One of Royal Skousen’s arguments against the authenticity of the “Chicago Leaves” has to do with the use of “Lamunites” in the text of Alma 3:20, since it seems admittedly uncharacteristic.
However, what makes this instance slightly less odd is this: If we adopt the accepted notion that Mosiah was the first book penned, and the introduction of the Lamanites came at the END of the translation (1 Nephi), then the use of the word Lamanite(s) is first introduced in Mosiah 7, and used sparsely until the ending chapters of Mosiah. Unfortunately, we cannot compare the Book of Mosiah to the OM, since not even a single word survived.
Alma 3:20 is found on page 177 of the PM. Note that the word “Lamanites” is followed by the same word, then struck-through. Normally, if a word is struck-through, the corrected word either follows it immediately, or is inserted with a caret mark. It is possible that this is the ONLY instance of a strikethrough AFTER it is spelled correctly in the PM. If we are supposed to rely on the transcription on the JSP site, then both words are “Lamanites” – no caret mark, and struck through only in the latter word.
The notion that a strikethrough word is located after the correct word is bizarre enough, but add to this the fact that the second word is not just simply struck through, it is struck through THREE times – essentially “boxing” the word in for some reason. This MUST have had some significance to Scribe 2, and my assumption at this point is that this is identifying the error in the OM by projecting something like “The word ‘Lamunites’ is incorrect in the OM and should be ‘Lamanites’ as it is shown in the word before this one.” It seems difficult to dismiss the presence of this occurrence in the PM as being insignificant, particularly when we know from the Chicago Leaves that it was spelled with a “u” in this very same word in the verse…the triple strikethrough in the PM was used for a reason.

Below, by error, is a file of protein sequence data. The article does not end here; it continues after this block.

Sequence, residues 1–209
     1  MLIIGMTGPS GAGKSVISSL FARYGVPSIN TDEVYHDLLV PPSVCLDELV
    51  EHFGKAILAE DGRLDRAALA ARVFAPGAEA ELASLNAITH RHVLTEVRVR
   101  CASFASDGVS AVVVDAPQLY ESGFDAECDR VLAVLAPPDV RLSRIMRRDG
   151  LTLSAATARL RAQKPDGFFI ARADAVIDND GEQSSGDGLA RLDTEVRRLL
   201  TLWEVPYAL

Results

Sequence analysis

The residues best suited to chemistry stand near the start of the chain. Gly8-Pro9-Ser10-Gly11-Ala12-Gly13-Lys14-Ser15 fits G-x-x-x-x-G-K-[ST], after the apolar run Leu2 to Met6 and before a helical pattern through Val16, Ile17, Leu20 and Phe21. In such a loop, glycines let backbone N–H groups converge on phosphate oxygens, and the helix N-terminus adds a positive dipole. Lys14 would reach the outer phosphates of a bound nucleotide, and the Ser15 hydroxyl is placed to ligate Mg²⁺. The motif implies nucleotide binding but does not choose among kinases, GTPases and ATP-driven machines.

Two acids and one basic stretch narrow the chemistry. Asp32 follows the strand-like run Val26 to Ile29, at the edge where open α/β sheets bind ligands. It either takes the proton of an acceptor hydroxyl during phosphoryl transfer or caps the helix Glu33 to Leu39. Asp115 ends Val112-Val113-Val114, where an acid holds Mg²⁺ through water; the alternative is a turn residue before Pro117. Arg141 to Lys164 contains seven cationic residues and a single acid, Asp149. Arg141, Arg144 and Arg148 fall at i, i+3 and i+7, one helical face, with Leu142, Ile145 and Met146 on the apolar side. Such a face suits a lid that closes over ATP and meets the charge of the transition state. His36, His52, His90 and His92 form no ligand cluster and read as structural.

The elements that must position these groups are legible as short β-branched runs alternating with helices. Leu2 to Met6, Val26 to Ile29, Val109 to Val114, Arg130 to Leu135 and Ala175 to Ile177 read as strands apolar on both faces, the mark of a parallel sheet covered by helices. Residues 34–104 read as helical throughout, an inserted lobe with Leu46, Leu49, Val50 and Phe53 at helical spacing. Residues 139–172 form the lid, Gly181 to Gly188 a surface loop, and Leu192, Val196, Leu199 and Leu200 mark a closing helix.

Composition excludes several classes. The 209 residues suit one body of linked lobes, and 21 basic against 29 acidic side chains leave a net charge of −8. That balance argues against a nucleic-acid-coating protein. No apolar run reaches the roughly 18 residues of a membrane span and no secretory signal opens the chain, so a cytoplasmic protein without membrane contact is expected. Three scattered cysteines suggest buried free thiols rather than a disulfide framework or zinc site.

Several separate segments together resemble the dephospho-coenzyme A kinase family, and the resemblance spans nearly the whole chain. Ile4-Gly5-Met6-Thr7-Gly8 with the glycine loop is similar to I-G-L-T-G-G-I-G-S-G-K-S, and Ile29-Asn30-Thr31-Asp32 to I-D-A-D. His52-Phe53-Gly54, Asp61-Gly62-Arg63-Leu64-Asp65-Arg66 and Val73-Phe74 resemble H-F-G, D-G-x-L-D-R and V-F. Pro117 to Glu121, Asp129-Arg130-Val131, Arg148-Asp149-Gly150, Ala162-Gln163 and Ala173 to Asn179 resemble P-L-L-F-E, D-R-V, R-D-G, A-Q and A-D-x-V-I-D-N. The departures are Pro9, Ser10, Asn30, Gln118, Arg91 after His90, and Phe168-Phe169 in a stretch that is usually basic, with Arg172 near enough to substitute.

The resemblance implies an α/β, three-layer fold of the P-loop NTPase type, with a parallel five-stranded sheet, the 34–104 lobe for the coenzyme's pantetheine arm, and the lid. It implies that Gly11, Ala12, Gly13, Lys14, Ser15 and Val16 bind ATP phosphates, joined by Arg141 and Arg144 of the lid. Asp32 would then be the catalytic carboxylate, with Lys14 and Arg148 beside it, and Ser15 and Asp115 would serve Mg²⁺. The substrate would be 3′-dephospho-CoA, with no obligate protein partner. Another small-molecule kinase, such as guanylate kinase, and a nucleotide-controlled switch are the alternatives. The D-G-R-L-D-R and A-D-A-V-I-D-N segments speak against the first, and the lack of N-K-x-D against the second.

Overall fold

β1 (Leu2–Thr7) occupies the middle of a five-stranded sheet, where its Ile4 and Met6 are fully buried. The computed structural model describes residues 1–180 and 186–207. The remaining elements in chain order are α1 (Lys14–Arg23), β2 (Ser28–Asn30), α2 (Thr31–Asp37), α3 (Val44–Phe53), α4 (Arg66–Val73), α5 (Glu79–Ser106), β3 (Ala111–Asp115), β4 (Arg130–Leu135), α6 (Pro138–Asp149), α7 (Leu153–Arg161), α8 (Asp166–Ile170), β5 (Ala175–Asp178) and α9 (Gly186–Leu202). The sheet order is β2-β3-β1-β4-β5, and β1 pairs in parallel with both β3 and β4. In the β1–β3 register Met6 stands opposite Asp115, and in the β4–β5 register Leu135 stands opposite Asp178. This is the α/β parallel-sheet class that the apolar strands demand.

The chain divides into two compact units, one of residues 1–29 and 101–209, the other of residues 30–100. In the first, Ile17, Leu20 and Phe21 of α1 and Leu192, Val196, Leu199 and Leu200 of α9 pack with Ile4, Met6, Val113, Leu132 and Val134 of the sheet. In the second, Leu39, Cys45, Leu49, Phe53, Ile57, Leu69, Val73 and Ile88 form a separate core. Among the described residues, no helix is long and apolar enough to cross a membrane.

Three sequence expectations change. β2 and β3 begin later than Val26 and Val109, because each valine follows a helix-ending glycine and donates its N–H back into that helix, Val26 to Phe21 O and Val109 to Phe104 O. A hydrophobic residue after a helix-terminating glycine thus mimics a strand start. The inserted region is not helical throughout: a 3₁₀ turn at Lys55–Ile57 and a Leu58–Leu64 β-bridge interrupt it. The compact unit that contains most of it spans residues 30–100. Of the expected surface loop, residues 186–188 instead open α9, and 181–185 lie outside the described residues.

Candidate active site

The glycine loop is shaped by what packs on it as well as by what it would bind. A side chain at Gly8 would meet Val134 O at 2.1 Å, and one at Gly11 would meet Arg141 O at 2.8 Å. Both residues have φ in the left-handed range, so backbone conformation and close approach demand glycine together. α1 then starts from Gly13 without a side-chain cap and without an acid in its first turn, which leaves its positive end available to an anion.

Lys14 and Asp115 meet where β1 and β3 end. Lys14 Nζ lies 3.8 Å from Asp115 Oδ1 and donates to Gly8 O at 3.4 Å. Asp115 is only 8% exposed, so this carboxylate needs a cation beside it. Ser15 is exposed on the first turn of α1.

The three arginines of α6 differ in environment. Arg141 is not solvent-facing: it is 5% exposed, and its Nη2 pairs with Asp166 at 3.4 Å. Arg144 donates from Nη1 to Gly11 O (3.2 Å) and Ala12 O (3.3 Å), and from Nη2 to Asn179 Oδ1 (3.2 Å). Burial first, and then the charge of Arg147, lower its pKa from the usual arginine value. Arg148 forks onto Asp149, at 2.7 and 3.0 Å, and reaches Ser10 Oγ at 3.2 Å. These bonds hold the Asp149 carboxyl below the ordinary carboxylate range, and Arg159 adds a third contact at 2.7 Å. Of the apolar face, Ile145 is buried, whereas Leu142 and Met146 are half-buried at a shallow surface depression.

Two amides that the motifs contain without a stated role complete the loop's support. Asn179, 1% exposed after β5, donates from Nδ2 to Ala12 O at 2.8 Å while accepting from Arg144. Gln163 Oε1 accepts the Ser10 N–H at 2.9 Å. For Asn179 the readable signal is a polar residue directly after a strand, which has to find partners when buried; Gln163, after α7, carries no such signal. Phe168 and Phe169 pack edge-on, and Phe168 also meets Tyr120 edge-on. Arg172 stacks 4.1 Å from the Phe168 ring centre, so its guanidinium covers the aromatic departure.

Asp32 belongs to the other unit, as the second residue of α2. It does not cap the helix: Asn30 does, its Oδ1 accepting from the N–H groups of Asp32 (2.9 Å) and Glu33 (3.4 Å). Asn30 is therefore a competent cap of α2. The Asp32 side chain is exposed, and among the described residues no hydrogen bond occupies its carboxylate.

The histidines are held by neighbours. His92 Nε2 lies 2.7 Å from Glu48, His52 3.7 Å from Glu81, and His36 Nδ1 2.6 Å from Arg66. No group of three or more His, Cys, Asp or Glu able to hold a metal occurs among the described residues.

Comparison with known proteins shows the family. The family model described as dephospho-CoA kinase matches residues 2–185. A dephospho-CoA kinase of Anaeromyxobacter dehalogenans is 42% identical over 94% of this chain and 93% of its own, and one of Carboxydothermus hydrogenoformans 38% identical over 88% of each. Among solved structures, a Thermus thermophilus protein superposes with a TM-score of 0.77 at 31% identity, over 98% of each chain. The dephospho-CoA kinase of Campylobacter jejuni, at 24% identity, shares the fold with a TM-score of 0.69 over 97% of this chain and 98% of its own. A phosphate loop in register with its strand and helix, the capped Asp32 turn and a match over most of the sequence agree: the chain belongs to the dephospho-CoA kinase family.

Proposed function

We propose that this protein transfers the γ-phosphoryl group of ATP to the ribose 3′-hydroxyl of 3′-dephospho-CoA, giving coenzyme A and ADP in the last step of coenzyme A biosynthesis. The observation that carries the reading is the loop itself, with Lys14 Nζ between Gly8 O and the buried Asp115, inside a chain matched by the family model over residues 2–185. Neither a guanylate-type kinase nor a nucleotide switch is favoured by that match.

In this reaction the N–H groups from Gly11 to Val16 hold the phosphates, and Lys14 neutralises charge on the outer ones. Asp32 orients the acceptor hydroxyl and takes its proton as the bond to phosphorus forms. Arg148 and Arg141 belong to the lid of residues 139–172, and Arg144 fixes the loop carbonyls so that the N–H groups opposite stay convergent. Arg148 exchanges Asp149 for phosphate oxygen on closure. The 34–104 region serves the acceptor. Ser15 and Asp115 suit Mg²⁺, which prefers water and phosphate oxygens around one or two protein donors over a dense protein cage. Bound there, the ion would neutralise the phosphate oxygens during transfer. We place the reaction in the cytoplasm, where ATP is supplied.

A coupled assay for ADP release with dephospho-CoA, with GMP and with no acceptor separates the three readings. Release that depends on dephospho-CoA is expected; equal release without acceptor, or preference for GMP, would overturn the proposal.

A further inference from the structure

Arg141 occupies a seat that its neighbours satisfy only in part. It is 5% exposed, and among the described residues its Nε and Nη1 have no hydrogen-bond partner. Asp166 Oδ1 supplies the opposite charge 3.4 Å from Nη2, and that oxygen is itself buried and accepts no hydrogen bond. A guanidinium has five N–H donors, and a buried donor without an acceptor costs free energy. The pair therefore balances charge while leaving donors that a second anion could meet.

Additionally, on page 293 of the PM (for Alma 49:21), the word “Nephites” is inserted to correct the error of “Lamanites.” It is entirely possible the letter “a” is actually a “u”; just above that line the word “Lamanites” appears to have had the “u” modified so it reads as an “a”.
LESS CONVINCING: If we are to somewhat dissect the second word (as shown in the picture here), and assume the letter is actually a “u” then we could think that there is a slight flourish on the right stem of the “u”… or … that Scribe 2 used a technique to identify the error by attaching a circle to the bottom of the upper strikethrough line – a code, if you will. This seems like a stretch, but until another theory is given, it seems like it is at least plausible.
Regardless, the purpose of a strikethrough AFTER the correct word is a significant mystery, and requires research into its purpose, if not as a marker for an error in the OM.